“But yeah, they saw when I was really young that I had a talent, that I can ride more than ten years at a high level,” he concedes. “Sponsors were interested, the television was interested, the press; spectators were coming more and more. I saw a big growth as soon as I started, until now, and maybe I have something to tell in that story of course, but I’m not alone.
“There are a lot of guys who have raced on a high level against me,” he adds, “and they are also necessary of course.”
While Nys is very much the elder statesmen of cyclocross, it wasn’t always that way. As a neo-pro in 1998 he was up against riders many years his senior, while nowadays he’s the one that the young riders are aiming to beat. Over the years he has managed to adapt though, to meet the different challenges.
“It is true that I raced against the third or fourth generation for the moment,” he smiles. “In the beginning I was the youngest; I jumped all the obstacles, I won the races with my technique. Afterwards, I was riding against riders of my own age; then I was a little bit stronger and won most races. Then I come to a younger generation, and now - for the moment - they are two generations younger; it’s me against riders from twenty to twenty-five.
“I’m 35, so I saw a lot of guys coming, and the only thing that doesn’t change is I’m still riding on a really high level; and I’m really happy about it.”
On his entry to the professional ranks Nys also rode a number of road races at a high level. My own first memory of seeing Nys in action was at the 2001 Paris-Roubaix, where he was part of one of the first groups chasing the leading pack, from which Servais Knaven escaped to victory; the thousand-yard stare that Nys bored through me - as he looked without seeing, straight into my eyes - is still one of my most poignant personal memories of the Enfer du Nord.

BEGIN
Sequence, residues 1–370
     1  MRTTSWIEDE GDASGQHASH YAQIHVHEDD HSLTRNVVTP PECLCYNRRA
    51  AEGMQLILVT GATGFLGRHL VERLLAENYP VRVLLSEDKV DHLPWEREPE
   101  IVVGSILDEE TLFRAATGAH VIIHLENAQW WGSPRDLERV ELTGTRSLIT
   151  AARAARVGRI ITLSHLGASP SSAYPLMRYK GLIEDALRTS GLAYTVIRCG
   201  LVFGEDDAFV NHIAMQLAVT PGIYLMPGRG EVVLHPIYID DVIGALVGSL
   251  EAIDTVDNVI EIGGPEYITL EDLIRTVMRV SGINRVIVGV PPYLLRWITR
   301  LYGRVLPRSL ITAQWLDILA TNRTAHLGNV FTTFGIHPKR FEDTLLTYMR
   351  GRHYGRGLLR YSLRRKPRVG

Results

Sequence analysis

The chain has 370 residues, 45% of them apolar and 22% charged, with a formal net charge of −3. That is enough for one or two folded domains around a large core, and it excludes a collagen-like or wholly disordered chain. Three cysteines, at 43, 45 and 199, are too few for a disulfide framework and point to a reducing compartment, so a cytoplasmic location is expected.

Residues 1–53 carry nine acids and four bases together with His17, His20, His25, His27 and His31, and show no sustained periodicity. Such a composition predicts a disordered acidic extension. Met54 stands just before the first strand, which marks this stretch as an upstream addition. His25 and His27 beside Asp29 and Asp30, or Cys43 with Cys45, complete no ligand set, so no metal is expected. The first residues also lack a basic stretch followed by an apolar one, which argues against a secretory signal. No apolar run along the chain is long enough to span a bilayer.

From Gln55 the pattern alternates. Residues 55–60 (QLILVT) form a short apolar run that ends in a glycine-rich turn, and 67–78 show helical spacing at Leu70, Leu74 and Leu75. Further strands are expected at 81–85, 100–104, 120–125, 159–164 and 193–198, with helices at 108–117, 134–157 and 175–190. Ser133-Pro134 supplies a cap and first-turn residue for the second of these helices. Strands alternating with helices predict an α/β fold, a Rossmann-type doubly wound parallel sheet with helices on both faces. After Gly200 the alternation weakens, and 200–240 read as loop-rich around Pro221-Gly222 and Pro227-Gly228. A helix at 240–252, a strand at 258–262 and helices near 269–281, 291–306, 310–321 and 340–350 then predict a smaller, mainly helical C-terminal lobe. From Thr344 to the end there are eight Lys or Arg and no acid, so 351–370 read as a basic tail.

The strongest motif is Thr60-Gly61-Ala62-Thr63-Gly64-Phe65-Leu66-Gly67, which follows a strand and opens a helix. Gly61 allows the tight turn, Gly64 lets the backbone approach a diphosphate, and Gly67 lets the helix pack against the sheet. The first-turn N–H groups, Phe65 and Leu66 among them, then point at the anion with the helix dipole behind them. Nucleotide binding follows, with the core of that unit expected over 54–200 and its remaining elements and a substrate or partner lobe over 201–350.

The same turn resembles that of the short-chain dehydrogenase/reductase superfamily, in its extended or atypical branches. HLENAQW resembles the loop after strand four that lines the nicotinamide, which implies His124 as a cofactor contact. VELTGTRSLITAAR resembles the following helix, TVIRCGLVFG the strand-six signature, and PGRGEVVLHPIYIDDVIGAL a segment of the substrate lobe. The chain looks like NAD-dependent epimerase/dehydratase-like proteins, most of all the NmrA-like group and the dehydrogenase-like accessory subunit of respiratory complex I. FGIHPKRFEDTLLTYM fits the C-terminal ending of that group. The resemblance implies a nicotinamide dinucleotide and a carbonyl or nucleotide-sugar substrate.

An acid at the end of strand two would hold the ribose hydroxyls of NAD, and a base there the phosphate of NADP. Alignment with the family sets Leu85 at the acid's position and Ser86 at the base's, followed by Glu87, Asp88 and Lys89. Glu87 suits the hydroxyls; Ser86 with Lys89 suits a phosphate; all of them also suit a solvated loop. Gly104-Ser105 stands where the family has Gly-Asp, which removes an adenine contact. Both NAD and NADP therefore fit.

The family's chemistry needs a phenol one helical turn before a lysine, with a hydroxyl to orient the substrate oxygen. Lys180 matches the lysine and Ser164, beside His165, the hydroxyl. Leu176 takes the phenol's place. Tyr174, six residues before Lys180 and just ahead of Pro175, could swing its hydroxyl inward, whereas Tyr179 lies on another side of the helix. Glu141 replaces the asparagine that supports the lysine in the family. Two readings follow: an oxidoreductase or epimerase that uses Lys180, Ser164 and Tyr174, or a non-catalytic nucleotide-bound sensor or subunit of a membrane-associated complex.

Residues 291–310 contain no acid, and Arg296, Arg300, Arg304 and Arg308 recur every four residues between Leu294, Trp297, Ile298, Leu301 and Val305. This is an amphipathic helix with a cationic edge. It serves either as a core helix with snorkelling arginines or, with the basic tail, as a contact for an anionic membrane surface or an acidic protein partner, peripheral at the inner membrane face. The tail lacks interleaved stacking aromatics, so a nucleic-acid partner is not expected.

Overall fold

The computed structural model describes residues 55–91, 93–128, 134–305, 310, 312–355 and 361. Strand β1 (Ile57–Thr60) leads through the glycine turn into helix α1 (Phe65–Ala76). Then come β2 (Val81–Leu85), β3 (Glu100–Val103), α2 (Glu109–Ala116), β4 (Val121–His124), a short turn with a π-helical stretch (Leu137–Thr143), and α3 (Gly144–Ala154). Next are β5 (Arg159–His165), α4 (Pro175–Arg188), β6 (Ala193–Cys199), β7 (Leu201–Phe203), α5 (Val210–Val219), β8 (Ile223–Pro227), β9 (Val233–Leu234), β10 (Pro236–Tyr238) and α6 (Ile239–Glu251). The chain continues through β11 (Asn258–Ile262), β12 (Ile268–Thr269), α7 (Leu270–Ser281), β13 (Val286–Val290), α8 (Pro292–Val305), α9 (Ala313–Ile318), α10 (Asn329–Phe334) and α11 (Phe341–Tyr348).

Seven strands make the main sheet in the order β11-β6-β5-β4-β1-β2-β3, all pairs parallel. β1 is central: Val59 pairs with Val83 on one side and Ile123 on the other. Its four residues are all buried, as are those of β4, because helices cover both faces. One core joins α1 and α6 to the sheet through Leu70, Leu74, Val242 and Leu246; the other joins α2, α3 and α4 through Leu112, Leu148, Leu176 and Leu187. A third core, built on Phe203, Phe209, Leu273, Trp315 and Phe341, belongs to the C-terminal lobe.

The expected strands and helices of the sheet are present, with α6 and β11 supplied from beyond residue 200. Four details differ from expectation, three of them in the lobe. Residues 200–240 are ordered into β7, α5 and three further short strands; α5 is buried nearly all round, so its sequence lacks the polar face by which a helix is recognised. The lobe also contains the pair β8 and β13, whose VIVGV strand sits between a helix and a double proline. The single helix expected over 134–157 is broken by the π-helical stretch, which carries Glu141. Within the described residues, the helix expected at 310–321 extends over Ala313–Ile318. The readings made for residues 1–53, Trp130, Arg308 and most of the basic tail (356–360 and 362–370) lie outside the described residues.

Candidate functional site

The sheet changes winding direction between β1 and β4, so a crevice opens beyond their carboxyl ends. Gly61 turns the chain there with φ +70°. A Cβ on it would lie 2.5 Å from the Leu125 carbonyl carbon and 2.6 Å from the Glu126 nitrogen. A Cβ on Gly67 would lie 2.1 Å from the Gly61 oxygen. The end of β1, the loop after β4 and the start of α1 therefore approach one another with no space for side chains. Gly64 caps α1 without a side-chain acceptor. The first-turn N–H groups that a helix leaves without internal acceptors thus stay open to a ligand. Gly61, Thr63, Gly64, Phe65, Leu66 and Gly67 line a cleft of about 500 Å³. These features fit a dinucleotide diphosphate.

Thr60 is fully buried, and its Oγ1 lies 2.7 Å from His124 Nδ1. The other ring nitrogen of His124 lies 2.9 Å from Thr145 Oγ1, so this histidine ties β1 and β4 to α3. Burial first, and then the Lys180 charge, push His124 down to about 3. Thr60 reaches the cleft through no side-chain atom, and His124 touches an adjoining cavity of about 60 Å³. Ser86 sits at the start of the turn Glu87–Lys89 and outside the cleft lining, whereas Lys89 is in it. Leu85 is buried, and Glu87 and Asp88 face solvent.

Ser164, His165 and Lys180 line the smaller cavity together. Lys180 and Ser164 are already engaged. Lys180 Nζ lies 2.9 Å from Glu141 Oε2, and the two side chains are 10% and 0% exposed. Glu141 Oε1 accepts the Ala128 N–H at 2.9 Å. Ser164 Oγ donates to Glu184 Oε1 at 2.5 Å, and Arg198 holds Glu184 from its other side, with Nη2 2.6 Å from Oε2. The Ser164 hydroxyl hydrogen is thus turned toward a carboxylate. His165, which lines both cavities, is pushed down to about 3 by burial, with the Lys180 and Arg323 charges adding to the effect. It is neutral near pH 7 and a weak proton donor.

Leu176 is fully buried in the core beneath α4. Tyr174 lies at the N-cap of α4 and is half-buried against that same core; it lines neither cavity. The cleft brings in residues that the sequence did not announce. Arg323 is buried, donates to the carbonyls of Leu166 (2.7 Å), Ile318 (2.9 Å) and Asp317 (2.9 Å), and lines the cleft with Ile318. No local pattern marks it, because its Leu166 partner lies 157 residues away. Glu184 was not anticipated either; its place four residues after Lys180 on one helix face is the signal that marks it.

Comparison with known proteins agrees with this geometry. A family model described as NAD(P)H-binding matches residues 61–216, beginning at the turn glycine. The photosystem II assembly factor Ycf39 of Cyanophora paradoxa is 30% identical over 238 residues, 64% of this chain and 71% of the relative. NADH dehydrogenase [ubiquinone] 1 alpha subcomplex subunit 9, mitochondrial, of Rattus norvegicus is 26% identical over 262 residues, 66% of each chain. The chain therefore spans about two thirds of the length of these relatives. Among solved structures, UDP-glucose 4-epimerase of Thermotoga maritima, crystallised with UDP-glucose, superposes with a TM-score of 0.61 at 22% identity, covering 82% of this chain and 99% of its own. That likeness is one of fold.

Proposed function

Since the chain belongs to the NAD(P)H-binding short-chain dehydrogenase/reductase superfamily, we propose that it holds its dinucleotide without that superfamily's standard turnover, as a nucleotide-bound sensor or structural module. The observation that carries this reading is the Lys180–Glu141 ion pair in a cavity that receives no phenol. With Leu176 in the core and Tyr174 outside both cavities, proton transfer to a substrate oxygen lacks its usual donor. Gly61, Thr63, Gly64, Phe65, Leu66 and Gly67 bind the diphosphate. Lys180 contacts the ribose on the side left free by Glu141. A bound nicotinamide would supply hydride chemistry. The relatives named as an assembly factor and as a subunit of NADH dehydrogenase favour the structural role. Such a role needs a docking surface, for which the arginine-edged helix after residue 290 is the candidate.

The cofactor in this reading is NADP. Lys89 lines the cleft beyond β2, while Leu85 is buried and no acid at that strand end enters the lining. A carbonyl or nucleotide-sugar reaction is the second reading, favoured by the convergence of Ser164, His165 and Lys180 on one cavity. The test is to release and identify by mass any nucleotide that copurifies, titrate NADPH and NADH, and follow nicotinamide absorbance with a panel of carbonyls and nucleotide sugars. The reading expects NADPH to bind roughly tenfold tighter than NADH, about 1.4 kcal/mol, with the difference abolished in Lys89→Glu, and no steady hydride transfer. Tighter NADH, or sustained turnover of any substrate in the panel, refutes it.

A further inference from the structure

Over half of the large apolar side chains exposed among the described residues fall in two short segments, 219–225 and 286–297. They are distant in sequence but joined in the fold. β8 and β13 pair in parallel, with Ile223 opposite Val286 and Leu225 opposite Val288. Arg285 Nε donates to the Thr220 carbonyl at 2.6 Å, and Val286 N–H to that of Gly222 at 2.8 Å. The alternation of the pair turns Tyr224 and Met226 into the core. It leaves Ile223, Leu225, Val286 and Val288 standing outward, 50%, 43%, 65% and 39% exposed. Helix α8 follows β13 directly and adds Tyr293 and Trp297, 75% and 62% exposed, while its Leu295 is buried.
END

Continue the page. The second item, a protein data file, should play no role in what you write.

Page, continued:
If he could perform at this level in some of the biggest races of all, why did he turn his back on a big career on the road, I ask.
“Because I saw that cyclocross was getting bigger and bigger; that you can earn your money in Belgium when you are a professional cyclocross rider,” he explains. “I saw that when you are one of the most important riders in cyclocross it’s really a good feeling.
“I can do some good road races in my career, but now I have a career that was 15 years long, riding on a high level. Every time I race, I race for the victory, and to do that in the road: that’s not so easy!
“I chose something that I can do the best,” he adds. “Cyclocross.
“I know that I can be at a high level in the races, like Paris-Roubaix or the Ronde van Vlaanderen, but I never can stop doing cyclocross, because my heart is with cyclocross; that’s the most important reason. At the end of my career I know in myself that I have made the right decision. I see how cyclocross has changed in the last ten years, and I’m really happy that I’m one of them.”
Of all those classification victories in the World Cup, GvA Trofee and Superprestige - which he has only failed to take at least one of, twice in his entire career - it’s tough for Nys to choose between them. Each series has its own set of characteristics, which makes it difficult for Nys to name his favorite.
“They are all special, and every general classification is different, against other riders,” he tells me. “Sometimes I knew one race before the end that I’d won it, but at the end of my career it was more often that in the last race the decision was made. Sometimes it’s the mental part; when I win against the younger riders, its mentally that I know what I need to do; with the points, and who I must look at. Sometimes it’s not important to win the race, but to know who is winning the race.
“In the beginning I wanted to win every race, but now I’m a little bit more experienced. Every general classification is different and, of course, they are all special for me.”It may not be possible to name a favorite series, but it is not so tough for Nys to tell me what his favorite race is...